The goal of the yearlong expedition is to better understand how the human body reacts to microgravity for long durations. Researchers say they hope the data acquired in this mission will help them figure out how to send humans on even longer missions, like one to Mars, which would take two-and-a-half years, roundtrip.
These days, scientists know generally what astronauts should expect when they leave Earth’s atmosphere. The most common physiological changes result from the lack of gravity. When astronauts first experience weightlessness, their sensorimotor system becomes immediately disrupted.
“Your inner ear thinks you’re tumbling: the balance system in there is going all over the place … Meanwhile your eyes are telling you you’re not tumbling; you’re upright,” Leroy Chiao, a retired NASA astronaut who flew three shuttle missions and spent six months on the ISS in the mid-2000s, told Charles Fishman in The Atlantic last year. “The two systems are sending all this contradictory information to your brain.” Cue nausea that takes a few days to subside.
Without the forces of gravity to help circulate air inside the orbital laboratory, the carbon dioxide its residents exhale can form an invisible cloud around their head, which can lead to headaches. In weightlessness, the fluids in the human body float upward and clog the sinuses, making astronauts’ heads feel congested and their faces appear puffy. Their skeletons become useless; bones don’t need to support muscles in microgravity, so they start losing minerals and regenerating cells at a slower pace. Astronauts can lose 1 percent of their bone density a month. Back on Earth, it takes a year for aging men and women to lose the same amount of bone mass. In a environment that requires little strength to move around and work, muscles atrophy, their fibers shrinking.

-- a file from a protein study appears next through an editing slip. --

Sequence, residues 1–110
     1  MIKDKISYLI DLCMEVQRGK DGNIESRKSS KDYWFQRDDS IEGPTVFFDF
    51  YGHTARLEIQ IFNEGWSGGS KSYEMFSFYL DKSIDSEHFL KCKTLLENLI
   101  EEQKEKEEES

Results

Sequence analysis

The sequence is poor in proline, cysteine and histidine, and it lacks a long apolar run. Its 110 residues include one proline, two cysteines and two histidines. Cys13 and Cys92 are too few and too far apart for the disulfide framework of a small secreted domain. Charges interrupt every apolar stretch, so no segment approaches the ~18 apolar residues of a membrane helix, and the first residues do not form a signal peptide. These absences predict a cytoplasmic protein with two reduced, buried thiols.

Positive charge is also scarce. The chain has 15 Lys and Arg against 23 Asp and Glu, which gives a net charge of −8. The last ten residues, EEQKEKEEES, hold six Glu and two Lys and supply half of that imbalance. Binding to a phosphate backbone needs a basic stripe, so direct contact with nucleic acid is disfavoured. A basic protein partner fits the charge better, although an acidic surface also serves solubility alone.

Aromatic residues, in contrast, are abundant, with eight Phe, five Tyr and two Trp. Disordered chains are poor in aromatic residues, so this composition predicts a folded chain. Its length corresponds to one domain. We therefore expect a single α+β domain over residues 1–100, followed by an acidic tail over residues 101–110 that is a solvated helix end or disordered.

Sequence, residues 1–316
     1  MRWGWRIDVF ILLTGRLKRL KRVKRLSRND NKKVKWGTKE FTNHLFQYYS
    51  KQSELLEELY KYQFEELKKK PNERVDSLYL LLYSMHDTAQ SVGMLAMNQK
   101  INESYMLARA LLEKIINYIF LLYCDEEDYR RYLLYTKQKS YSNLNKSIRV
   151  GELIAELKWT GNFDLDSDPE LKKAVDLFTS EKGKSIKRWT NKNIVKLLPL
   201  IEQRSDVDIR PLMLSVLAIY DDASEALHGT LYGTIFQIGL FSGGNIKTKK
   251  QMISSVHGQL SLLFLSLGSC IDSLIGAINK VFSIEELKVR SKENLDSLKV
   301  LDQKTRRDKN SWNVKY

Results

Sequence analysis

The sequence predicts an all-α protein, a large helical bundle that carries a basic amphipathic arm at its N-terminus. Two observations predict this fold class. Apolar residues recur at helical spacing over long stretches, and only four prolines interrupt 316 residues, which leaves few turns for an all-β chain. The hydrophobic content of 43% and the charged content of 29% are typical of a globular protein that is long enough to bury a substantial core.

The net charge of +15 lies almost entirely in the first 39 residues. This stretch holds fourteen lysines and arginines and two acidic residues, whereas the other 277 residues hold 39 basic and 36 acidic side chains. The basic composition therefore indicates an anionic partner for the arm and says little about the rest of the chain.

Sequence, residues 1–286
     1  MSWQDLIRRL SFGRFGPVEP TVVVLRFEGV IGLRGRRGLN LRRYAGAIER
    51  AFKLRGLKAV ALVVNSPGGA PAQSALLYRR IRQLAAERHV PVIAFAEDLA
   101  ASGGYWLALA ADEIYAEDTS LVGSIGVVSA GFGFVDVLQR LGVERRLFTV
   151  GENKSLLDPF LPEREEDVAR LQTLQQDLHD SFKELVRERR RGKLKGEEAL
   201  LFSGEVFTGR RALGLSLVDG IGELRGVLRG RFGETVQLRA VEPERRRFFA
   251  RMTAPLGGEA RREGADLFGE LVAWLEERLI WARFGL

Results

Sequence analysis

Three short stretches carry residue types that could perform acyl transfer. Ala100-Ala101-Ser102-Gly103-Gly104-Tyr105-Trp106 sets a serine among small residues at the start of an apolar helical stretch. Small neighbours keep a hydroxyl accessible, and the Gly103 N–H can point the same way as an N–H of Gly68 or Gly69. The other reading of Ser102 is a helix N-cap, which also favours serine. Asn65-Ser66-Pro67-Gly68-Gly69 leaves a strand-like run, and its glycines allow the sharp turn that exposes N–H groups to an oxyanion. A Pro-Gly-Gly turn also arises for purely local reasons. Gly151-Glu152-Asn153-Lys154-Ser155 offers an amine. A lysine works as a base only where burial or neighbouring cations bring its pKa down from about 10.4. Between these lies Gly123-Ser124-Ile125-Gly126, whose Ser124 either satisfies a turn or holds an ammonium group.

These effects can be remedied. Astronauts wear compression cuffs on their thighs to keep the blood in their lower body from pooling upward, and take vitamin D supplements. They maintain muscle and bone strength by exercising for two-and-a-half hours a day, six days a week, guided by strength coaches. (In 2014, Mike Hopkins posted on YouTube some workouts that put Crossfit to shame.) The station’s fans help spread the exhaled carbon dioxide around.
But scientists are still learning. Astronauts have complained of vision problems since the first missions in the 1970s, but it was only in the last decade that scientists discovered such problems were an occupational hazard. In 2009, two NASA astronauts noticed they started having trouble seeing things close up. Eye exams and high-tech cameras revealed their eyeballs had become a bit squashed and their optic nerves had swelled, leading to farsightedness that persisted post-mission. Researchers suspect the change in vision is caused by cerebrospinal fluid in the skull, free from gravity, pushing on the back of the eyeballs, but they don’t know for sure. NASA keeps the ISS stocked with glasses just in case.